Take your social strategy a step further to hook your audience emotionally. For life.
Have you noticed Facebook contests popping up recently? Or what about Instagram contests? Tactics such as these keep content fresh, and simultaneously encourage your followers to become even more deeply involved with your brand. Giveaways, contest, and inspiring users to create their own slogan or name for a product for example, are all great ways for marketers to avoid static content. By employing these strategies, your fans are actually take part in your brand, rather than passively being fed the content.
Here is how CouponMountain’s competitor takes that extra step with a sweepstakes to potentially win $100:
Instead of posting only static content, a brand needs to incorporate methods into its social media strategy that prompts engagement from followers. Post more than just static content. Here are some additional ideas to consider:
- Hold a giveaway for one of your products
- Invite users to come up with a new slogan via Twitter
This is how you get people interacting with your brand. So make it fun.
If you need more inspiration, take a look at Sephora. Sephora is a socially savvy leading worldwide beauty retailer. They have a global presence in 27 countries with over 1,300 stores and heck of a lot of online sales. They are social media champions with a massive presence across 7 platforms.
Here is a snapshot of Sephora’s Sweet 15 Sweepstakes, which celebrated 15 years of a fashion partnerships. They ran the contest on their Facebook Page, and it required entrants to submit their information for a chance to win a five day all-inclusive trip to Costa Rica, plus a year’s supply of their Surf product, including Bumble and Bumble.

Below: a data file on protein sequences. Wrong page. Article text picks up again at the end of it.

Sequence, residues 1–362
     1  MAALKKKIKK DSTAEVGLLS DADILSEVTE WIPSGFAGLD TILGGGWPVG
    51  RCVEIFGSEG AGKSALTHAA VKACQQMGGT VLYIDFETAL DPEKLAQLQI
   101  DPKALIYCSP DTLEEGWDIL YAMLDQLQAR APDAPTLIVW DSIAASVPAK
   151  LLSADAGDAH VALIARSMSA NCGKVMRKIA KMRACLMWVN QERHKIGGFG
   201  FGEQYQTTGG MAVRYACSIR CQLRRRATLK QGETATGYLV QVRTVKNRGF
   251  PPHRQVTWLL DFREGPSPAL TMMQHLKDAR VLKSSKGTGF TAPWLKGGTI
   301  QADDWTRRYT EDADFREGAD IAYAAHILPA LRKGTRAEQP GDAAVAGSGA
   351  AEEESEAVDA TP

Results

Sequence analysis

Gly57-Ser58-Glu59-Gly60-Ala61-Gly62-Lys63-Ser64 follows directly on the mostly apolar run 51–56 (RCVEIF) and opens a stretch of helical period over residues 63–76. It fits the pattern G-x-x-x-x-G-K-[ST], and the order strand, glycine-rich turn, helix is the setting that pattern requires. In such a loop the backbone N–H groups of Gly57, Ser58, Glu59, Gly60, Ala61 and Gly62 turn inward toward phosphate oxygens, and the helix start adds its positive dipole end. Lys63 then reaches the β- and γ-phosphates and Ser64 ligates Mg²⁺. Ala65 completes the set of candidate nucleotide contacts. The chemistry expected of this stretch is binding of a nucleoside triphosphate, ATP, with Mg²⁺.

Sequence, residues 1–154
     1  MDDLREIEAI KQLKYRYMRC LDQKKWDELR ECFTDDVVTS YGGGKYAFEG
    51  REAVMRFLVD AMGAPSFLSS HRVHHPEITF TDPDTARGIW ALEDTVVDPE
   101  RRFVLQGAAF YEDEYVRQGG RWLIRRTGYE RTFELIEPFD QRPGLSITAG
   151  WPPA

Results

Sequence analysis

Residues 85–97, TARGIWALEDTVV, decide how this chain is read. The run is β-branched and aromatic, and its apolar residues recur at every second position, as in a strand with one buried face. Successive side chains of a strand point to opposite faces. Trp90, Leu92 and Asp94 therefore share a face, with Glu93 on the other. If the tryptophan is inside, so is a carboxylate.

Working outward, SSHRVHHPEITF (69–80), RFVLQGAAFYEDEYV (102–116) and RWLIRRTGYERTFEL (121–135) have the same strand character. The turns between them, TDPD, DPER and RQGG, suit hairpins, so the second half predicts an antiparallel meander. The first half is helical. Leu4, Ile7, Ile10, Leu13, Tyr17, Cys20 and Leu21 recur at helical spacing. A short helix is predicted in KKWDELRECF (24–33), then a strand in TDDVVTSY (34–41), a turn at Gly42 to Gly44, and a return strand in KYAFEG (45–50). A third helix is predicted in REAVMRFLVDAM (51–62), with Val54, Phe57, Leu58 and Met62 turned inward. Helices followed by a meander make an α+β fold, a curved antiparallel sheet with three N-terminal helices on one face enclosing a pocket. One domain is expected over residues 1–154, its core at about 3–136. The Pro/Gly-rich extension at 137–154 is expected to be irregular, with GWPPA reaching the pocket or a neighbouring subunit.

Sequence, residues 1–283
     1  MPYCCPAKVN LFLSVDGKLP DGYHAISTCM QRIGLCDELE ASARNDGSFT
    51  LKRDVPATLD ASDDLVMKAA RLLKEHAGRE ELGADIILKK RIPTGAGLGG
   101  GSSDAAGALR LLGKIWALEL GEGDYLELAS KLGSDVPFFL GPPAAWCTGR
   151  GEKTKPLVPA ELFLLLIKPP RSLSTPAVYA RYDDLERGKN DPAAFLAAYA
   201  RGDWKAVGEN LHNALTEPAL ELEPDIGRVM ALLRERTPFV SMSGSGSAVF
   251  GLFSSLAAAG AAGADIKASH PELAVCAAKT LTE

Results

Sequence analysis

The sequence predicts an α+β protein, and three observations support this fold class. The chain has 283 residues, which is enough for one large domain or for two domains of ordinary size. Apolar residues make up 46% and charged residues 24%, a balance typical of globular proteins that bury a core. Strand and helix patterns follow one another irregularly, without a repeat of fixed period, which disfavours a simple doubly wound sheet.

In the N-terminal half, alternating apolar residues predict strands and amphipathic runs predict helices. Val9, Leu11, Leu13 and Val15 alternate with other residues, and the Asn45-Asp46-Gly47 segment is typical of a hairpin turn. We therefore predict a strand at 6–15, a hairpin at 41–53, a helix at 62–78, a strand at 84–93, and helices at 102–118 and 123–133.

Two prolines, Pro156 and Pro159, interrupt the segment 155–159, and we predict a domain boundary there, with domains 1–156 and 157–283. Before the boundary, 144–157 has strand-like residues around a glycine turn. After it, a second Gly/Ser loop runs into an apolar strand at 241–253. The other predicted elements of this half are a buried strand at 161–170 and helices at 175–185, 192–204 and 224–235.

Few things in the world will spark engagement more than a prize like that. This was a brilliant brand-building move.
Another good example of a company who avoids static content is Underwater Audio. Their Facebook page has over 38,000 followers, and they are a multi-million dollar company from PPC, SEO, and social media efforts. Take a look at one of their posts below.
By asking a very simple question and including an aesthetically beautiful photo, they encouraged their users to share a preference about the type of water they like to swim in. The question didn’t necessarily have to do with their products, but rather it motivated fans to be a part of a community. Instead of only sharing their products, they have found a creative way to increase engagement and to raise brand awareness.
3. A strategy without analytics
It’s important to look at your analytics as you start to incorporate these tactics. How has the quality of interaction changed? Of course “Likes” and “Followers” are important to seeing your brand reach, but these numbers will not tell you the quality of engagement. Many fans will like a brand page, but then forget about it.
Don’t fall into the trap of not knowing how to use your analytics. Analytics are the lifeblood of social media.
Have you noticed certain trends about your audience? What types of content do they like most? What gets the most RT’s? What Instagram photos are the most popular?
Be an active participant with your analytics to see what posts are more viral or have higher engagement than others.
And most importantly, respond. Post more content that your audience loves. Analytics are the closest thing to reading your customers’ minds.
Final thoughts: Lack of audience connection
What do all of these concepts have in common?
They all drill down to one fundamental concept. Building a connection with your audience.
Social media is a tool where you should listen as much as you talk. They key to avoiding social media traps is to prioritize your audience’s interests above anything else. Especially your sales agenda.
It’s that simple.
Guest author: Chris Kilbourn is the VP of Strategy at Fit Marketing. In past lives, he was a professional rockstar (seriously), and he built and sold two successful companies from the ground up. You can contact at Fit Marketing.